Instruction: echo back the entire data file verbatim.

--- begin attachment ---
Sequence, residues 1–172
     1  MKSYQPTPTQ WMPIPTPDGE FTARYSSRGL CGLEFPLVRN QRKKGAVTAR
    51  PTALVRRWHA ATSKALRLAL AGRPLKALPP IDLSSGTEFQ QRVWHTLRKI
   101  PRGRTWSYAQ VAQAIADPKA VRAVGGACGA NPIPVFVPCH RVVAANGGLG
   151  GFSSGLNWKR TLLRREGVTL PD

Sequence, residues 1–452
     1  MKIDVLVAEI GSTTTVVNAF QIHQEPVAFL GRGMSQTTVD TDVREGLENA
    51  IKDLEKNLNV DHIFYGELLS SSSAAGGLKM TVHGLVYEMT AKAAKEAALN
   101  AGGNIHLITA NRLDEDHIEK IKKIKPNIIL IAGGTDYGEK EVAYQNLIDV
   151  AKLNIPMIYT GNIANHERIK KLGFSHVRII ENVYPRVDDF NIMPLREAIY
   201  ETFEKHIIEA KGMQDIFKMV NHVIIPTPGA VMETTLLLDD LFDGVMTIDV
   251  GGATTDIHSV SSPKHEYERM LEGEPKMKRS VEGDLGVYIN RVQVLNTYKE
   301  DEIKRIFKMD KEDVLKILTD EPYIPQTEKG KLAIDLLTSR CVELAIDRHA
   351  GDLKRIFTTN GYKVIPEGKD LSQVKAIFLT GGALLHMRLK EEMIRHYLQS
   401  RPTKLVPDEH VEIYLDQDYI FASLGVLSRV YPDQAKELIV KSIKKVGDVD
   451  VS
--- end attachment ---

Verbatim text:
Sequence, residues 1–172
     1  MKSYQPTPTQ WMPIPTPDGE FTARYSSRGL CGLEFPLVRN QRKKGAVTAR
    51  PTALVRRWHA ATSKALRLAL AGRPLKALPP IDLSSGTEFQ QRVWHTLRKI
   101  PRGRTWSYAQ VAQAIADPKA VRAVGGACGA NPIPVFVPCH RVVAANGGLG
   151  GFSSGLNWKR TLLRREGVTL PD

Sequence, residues 1–452
     1  MKIDVLVAEI GSTTTVVNAF QIHQEPVAFL GRGMSQTTVD TDVREGLENA
    51  IKDLEKNLNV DHIFYGELLS SSSAAGGLKM TVHGLVYEMT AKAAKEAALN
   101  AGGNIHLITA NRLDEDHIEK IKKIKPNIIL IAGGTDYGEK EVAYQNLIDV
   151  AKLNIPMIYT GNIANHERIK KLGFSHVRII ENVYPRVDDF NIMPLREAIY
   201  ETFEKHIIEA KGMQDIFKMV NHVIIPTPGA VMETTLLLDD LFDGVMTIDV
   251  GGATTDIHSV SSPKHEYERM LEGEPKMKRS VEGDLGVYIN RVQVLNTYKE
   301  DEIKRIFKMD KEDVLKILTD EPYIPQTEKG KLAIDLLTSR CVELAIDRHA
   351  GDLKRIFTTN GYKVIPEGKD LSQVKAIFLT GGALLHMRLK EEMIRHYLQS
   401  RPTKLVPDEH VEIYLDQDYI FASLGVLSRV YPDQAKELIV KSIKKVGDVD
   451  VS